I’ve looked at a few lenses from Pergear recently and was impressed by the solid build quality and value for money. So when Pergear contacted me and told me they have a new macro lens and asked if I’m interested to do a review, I said yes, please send me a sample immediately as I’m really interested to see what kind of macro lens they have prepared this time.
The lens we are looking at today is the Pergear 60mm 2x macro lens. It’s a macro lens designed for APS-C cameras so the equivalent focal length is around 90mm which is one of the most common focal lengths for macro lenses.
This Pergear 60mm 2x macro lens can take macro photos at up to 2x magnification while still able to focus to infinity. The best thing is, the price is also very affordable. At $199 it is also one of the cheapest 2x macro lenses in the market.
11 Elements in 8 Groups
Full metal body
Bright f/2.8 maximum aperture
19.1cm minimum focusing distance
De-clicked Aperture Ring
As you have probably expected, this is a completely mechanical lens. There are no electronic contacts and no autofocus. Everything is manual, manual focus, manual aperture control.
The size of the lens is not small but still reasonable for a 2x macro lens. It is definitely a little bit heavy at around 600g. When I mount it on a Nikon Z50, the balance is OK I say because the Z50 has a pretty decent size grip. I imagine it might feel a bit front-heavy if you mount it on one of the smaller cameras especially if it doesn’t have a big grip.
The aperture ring is de-clicked and located at the back of the lens. Personally, I would prefer it to be located at the front of the lens instead as there were quite a few times I found myself turning the aperture ring by mistake when shooting with this lens. However, I think it’s really an objective opinion as some of you might love the aperture ring located right at the back like this Pergear lens.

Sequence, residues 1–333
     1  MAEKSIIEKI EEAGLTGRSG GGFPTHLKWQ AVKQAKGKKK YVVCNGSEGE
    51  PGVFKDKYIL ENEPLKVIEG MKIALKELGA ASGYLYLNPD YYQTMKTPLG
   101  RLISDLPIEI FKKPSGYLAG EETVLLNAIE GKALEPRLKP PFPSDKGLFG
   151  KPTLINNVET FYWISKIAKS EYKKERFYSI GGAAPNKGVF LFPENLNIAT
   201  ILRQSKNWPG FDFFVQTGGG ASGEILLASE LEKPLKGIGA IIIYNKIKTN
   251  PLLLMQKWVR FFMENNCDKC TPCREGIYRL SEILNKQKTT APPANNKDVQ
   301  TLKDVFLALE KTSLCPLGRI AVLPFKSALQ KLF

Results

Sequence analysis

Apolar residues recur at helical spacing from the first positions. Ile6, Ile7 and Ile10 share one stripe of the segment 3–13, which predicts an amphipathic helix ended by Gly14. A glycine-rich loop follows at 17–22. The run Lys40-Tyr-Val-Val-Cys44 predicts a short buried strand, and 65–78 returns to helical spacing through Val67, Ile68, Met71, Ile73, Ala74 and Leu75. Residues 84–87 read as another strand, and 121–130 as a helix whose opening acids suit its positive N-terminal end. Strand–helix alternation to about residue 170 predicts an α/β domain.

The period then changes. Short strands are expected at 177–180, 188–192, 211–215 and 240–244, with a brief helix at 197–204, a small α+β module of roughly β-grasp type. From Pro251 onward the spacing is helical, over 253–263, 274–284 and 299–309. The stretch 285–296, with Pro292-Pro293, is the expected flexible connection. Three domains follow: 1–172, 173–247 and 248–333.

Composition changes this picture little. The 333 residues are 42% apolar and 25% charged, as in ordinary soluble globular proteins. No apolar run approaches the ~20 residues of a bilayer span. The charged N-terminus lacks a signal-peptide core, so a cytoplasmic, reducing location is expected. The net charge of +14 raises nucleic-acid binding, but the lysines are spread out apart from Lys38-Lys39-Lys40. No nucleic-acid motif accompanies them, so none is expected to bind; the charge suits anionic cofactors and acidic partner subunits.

The focus ring is a bit tight but smooth overall. The focus throw is around 90 degrees which are not that long, but because the focus ring is on the tighter side so adjusting the focus precisely is still reasonably easy. I can hear a tiny tiny bit of metal grinding noise when rotating the focus ring. Nothing major and you may not even hear it unless you are shooting in a quiet indoor environment. This is also not uncommon for the budget lenses but I thought I should mention it. Since I’ve only used the lens for 2 weeks, maybe it will get a bit better after using it for a longer time. Overall, it is a very solidly built lens and for a budget lens, I think Pergear did a great job.
The biggest selling point for this lens is definitely its ability to take macro photos at 2x magnification while still being able to focus to infinity. It means you can take photos or videos at a much higher magnification than the typical 1x macro lenses in the market. While you still can use it for landscape, portrait, or any other usual photos.
When shooting macro at 2x magnification, the shooting distance between the front of the lens to the subject is just over 5cm or 2 inches. That is really not bad at all for a 2x macro lens and it should give you enough room if you need to light up the scene using an external light source. Using a ring flash would be the best way to light up your subject but I tried using normal LED lights with great success as well.
Unlike some other macro lenses which the front of the lens would extend when you are changing the focus distance, the Pergear 60mm macro has a fixed-length design which is great as you don’t have to worry about the lens would suddenly touch/knockdown your subject when you are focusing, especially when the lens is on a tripod.
When shooting at normal shooting distance (i.e. non-macro), the center sharpness is really quite good at f/2.8 already. Stop down to f/4 increases sharpness a bit. f/5.6 gives you the best center sharpness. If you stop down the lens further, from f/11 sharpness starting to drop because of diffraction.
The corner at f/2.8 is a little bit soft. It would become quite a bit sharper at f/4. When you stop down to f/5.6, the corner becomes also quite sharp as well.
So overall for most kinds of photos, I would be happy to shoot at f/2.8 or f/4. If I’m shooting landscapes I would stop down to f/5.6 for good corner sharpness.
When shooting macro photos at 1x magnification, the overall sharpness is already excellent at f/2.8. When stopped down to f/4, the sharpness would only improve marginally.